Laser-Assisted In Situ Keratomileusis, or LASIK for short, is the medical procedure that changes the shape of the eye so that corrective lenses aren't needed as much, or at all. Many people ask me during the pre-screening for eye exams if they are good candidates for the operation. When I hear that, I encourage a patient to talk with our optometrists and find out if LASIK is right for them. There are a lot of factors to consider that need to be weighed and balanced before going forward with the LASIK surgery.
There are people and groups who don't need LASIK
If someone has a slight prescription, or is really young, LASIK really isn't recommended or needed in a lot of cases. Take a look at your lifestyle, age and dependence on contacts or glasses and deeply consider if it will improve your day-to-day life or if would be just "nice" to have. There are risks with undergoing LASIK and certain people might lose more than they gain.
Are there problems with the eye beyond "not seeing well?"
If you have Glaucoma, past eye traumas, eye conditions like dry eyes or a host of other problems or complications related to the eye, there are complications that could result in diminished vision or vision loss. Always go in for an eye exam and make sure that everything checks out. It is now a requirement that vision remains stable for an entire year before proceeding with LASIK.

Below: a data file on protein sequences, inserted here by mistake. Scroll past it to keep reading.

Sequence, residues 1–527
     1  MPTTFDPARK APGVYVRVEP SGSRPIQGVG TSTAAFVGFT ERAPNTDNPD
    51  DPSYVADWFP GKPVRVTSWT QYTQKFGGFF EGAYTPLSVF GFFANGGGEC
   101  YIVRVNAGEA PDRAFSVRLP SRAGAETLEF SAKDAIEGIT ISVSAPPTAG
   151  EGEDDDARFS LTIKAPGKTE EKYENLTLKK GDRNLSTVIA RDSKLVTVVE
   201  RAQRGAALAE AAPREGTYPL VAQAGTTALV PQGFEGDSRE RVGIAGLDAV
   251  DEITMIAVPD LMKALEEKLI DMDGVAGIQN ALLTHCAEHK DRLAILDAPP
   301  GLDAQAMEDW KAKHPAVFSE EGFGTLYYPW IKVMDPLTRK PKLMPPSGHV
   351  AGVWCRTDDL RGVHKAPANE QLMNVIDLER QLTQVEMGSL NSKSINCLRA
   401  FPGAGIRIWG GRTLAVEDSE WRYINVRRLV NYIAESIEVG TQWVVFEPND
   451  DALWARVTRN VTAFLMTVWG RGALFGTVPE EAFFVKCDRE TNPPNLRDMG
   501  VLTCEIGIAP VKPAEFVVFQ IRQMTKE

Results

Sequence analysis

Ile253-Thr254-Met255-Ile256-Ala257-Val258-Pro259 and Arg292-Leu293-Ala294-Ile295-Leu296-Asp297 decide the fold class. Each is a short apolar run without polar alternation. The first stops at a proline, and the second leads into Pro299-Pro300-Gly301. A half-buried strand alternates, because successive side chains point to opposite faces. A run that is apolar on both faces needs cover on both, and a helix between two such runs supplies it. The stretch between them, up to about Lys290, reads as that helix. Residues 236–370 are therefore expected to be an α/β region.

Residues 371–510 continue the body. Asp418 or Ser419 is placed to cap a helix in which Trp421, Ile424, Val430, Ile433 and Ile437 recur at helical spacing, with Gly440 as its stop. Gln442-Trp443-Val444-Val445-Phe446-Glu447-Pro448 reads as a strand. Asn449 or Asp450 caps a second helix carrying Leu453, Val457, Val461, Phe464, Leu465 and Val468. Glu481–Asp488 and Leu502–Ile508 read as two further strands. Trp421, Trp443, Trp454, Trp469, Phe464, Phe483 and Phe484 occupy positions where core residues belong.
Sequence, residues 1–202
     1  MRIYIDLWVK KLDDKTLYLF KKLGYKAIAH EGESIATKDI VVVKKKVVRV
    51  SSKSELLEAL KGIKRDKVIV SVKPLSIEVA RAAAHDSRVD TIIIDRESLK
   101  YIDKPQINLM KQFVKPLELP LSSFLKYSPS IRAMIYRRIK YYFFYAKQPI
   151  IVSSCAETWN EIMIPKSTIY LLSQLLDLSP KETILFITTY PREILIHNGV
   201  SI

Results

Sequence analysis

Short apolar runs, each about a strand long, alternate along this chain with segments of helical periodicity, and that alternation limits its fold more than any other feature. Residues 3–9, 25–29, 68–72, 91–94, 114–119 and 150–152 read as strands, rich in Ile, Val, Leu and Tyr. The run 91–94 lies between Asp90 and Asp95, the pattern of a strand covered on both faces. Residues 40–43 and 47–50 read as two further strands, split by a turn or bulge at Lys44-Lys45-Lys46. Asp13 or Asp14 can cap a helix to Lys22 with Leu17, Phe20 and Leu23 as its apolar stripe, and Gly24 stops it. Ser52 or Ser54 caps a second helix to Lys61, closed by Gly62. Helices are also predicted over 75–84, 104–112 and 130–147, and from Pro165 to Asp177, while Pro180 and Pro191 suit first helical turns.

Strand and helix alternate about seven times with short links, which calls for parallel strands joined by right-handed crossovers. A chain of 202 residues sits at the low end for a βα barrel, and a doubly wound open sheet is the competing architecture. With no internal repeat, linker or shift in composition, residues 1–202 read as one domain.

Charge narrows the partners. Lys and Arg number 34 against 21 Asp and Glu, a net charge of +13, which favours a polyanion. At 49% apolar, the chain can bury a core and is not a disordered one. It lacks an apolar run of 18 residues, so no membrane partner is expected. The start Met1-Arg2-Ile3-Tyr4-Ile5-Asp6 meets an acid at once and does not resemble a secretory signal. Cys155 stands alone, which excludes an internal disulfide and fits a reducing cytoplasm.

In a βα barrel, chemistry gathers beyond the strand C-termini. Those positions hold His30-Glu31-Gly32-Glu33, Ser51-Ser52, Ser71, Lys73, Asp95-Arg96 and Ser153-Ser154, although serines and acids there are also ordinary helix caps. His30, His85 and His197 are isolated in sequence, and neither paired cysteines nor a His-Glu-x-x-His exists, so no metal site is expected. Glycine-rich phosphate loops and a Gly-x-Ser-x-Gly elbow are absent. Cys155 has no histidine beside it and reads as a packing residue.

Researching and finding the best surgeon
Is the doctor experienced with the best knowledge and latest FDA approved equipment? That is the question everyone should ask, however, many people only consider price when shopping around for LASIK, but that should only be one of the many considerations when selecting a doctor to preform the operation. Doing a little legwork and getting all the facts on LASIK centers in imperative before getting the procedure done. Your primary eye care doctor will also be able to make recommendations.
LASIK isn't just a one time surgery that makes the need for glasses or contacts disappear. There many steps along the road to the operation and many steps that follow. People who get the LASIK done might even need to go back for touch-ups a few years down the road.
Won't solve all problems
A lot of times, people will still have to wear reading glasses after a LASIK operation. People looking to be totally free of glasses or contacts need to be aware that there still might be need for corrective lenses following the operation for things like close-up vision.
If you want to know more information about LASIK, the FDA has a great website that covers all the bases about what to expect, what to do/not do and other bits of information that is useful for people considering the surgery.